It will also be interesting here to recall some of the antecedents of this fiction of law, that personal property, irrespective of its situs, follows the owner for the purpose of taxation. Its prototype was the ancient taille, or tax of servitude, imposed on persons originally bondmen, or on all persons who held in farm, or lease, or resided on lands of the suzerain, and from which proprietors or suzerains of the land were exempt. And as no vassal could at will divest himself of servitude or allegiance to his lord or suzerain, so the obligation to pay taxes always remained upon him as a personal servitude, whatever might be the location of his property. In other words, the condition of the masses all over Europe during the middle ages was not unlike the condition of the slaves in the United States previous to emancipation. They (the slaves) had property in their possession, and spoke of themselves as owners of property, but in reality their property followed the condition of the servitude of their persons, and both persons and property belonged equally to the masters. The taille, furthermore, as a badge of servitude, was supposed to dishonor whoever was subject to it, and degrade him, not only below the rank of a gentleman, but that of a burgher, or inhabitant of a borough or town; and "no gentleman, or even any burgher," says Adam Smith, "who has stock, will submit to this degradation." Now, the idea embodied in the word servitude is an obligation to render service, irrespective of or without compensation; and the idea upon which the taxation of personal property in this country has been based is, that the property owes a servitude to the State where the owner resides, irrespective of its actual location, in virtue of the obligation which its owner, as a citizen, may owe to the State by reason of the protection which the State gives him in respect to his person.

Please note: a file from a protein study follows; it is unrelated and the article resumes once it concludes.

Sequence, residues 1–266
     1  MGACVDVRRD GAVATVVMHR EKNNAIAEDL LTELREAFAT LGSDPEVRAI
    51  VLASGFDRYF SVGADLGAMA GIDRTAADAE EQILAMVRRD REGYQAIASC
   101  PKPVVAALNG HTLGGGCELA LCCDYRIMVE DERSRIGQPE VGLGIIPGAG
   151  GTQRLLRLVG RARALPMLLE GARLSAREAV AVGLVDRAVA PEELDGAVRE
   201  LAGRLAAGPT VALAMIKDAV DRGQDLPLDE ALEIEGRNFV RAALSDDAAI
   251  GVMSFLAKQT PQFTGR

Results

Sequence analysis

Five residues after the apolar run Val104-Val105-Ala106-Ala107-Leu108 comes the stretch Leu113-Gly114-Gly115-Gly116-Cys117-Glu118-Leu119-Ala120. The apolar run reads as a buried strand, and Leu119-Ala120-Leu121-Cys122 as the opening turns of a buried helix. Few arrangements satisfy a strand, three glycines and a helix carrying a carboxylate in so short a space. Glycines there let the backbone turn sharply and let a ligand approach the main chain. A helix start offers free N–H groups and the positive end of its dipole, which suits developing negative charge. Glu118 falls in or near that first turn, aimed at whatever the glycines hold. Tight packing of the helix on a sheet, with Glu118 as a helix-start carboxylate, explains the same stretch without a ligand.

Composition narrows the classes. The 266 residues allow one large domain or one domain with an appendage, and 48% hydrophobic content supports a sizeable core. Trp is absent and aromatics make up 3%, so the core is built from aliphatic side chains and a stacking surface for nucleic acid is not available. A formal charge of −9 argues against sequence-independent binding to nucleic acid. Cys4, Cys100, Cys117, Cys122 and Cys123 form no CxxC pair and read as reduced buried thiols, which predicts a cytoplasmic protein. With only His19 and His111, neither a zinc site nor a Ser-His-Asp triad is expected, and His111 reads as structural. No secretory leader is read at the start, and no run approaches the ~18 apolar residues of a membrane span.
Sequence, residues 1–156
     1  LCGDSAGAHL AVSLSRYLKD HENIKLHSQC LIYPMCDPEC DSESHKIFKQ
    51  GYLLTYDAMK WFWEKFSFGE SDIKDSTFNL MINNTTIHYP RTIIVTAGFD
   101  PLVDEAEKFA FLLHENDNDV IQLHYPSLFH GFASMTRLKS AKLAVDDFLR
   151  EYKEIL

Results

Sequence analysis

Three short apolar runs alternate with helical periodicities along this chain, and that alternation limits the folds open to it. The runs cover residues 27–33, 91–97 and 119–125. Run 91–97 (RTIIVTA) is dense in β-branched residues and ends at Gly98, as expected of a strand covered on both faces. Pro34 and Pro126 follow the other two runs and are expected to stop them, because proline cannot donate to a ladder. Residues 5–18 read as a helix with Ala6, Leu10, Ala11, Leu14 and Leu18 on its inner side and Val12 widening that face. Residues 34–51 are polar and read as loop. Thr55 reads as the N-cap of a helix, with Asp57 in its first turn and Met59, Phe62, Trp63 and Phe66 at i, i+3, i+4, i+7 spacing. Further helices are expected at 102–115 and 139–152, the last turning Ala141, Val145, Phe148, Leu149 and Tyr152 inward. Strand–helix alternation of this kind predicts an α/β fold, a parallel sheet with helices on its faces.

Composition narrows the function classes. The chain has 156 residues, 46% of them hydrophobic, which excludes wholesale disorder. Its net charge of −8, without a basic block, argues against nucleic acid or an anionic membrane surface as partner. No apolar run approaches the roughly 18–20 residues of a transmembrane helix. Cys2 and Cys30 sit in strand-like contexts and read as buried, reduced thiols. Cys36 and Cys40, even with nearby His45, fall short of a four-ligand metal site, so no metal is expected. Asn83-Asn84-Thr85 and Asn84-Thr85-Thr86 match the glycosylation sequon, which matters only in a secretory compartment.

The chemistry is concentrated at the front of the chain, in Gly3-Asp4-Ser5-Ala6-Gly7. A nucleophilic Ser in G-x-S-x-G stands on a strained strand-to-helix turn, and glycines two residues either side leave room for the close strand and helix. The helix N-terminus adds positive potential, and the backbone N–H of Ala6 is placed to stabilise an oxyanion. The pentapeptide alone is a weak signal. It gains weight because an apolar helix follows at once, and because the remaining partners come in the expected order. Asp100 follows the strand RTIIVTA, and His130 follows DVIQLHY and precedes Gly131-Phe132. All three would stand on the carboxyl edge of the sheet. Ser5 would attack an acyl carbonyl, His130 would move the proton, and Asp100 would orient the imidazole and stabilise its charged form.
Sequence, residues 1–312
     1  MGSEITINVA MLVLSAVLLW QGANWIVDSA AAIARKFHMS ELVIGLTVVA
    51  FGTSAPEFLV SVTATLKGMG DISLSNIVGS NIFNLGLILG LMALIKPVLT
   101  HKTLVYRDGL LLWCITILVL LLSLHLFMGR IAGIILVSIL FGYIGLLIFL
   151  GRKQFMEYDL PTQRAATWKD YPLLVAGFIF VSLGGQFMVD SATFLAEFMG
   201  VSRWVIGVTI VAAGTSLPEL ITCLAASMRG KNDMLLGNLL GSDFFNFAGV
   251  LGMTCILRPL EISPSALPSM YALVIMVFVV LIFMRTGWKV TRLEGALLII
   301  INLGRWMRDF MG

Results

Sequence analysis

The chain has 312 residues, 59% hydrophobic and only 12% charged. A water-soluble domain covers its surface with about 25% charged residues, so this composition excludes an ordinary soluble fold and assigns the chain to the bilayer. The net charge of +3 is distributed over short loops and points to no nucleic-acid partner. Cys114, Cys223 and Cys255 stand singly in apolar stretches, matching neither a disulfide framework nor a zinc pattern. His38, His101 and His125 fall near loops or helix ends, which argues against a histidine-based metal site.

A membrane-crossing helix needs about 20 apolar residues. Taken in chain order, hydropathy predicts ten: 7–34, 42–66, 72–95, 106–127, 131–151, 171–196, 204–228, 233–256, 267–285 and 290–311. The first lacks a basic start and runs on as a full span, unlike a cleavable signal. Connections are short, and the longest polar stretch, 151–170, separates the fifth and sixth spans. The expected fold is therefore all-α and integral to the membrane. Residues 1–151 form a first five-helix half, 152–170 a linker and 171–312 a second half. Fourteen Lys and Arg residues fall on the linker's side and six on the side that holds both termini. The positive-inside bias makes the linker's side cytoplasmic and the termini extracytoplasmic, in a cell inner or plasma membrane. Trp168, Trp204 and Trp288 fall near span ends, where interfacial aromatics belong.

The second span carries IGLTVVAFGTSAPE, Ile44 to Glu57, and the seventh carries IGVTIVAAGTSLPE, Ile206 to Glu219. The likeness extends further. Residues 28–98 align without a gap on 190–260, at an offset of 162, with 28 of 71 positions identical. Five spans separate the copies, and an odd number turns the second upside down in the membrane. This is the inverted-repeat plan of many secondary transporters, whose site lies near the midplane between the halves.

Again, in old times, the division of property into real and personal was wholly unknown; and under the common law all property was classed as lands, tenements, hereditaments, and goods and chattels. "In the course of time, however, leases of land for a term of years were classed as chattels, and were distinguished as chattels real; while other chattels, which did not savor of lands, were called chattels personal, ‘because,’ says Lord Coke, ‘for the most part they belong to the person of a man, or else for that, they are to be recovered by personal actions.’ And Blackstone tells us that ‘chattels personal are property, and, strictly speaking, things movable, which may be annexed to, or attendant on, the person of the owner, and carried about with him from one part of the world to another’; and as instances he mentions money, jewelry, garments. Personal property, in fact, consisted almost entirely of such things as could be, and actually were, carried about with the person of the owner, or could be easily secreted. And Blackstone also tells us that the amount of the personal estate of our ancestors was so trifling that they entertained a very low and contemptuous opinion of it; and that our ‘ancient law books do not, therefore, often condescend to regulate this species of property.’ Nothing of an incorporeal nature, as credits, bonds, and mortgages, certificates of stock, was anciently comprehended within the class of personal chattels, and in fact there were few or no such instrumentalities for representing or facilitating the exchanges of property. It was otherwise as to lands or real property, as to which ‘incorporeal hereditaments’ occupied a conspicuous place from the earliest times. Such was personal property in the early history of our laws. It was of comparatively small importance, and its laws were few and simple; while real property, being of a fixed and permanent nature, was regarded as immeasurably more valuable, and was governed by laws of its own, of the most intricate and abstruse character. And because of the feudal tenure by which lands were held arose the notion, which became a fiction of the law, that property, merely personal, always attended the person of its owner; while lands, tenements, and hereditaments, being fixed and immovable, and of infinitely more consideration, were held, from their very nature, as well as from motives of political policy, to have a situs of their own, from which they derived their laws and incidents, wholly regardless of the domicile of the owner. Growing out of the same reasons, it was also the prevailing opinion that, while immovables were exclusively governed by the law of locality, movables were controlled, according to the same maxim, by the law of the domicile of the owner, and not by that of its situs." In the changed condition of wealth and property, such a fiction, however suitable and useful in primitive times, would now, in many cases, work the greatest injustice, and impair the supremacy which every government should maintain over everything within its territory, both on the ground of public expediency and the private interests of its citizens. And, according to Wharton (Treatise on the Conflict of Laws, 1872), this fiction of law has been universally abandoned upon the continent of Europe, except in cases as to rights in respect to personalty which sprang from marriage and succession, and would not, furthermore, in Europe, find a place in any discussion of the principles of taxation, except possibly in a review of curious tax experiences, and for the reason that nowhere, except in the United States, is there any system of extra-territorial taxation, or any tolerance given to the ideas upon which it is founded.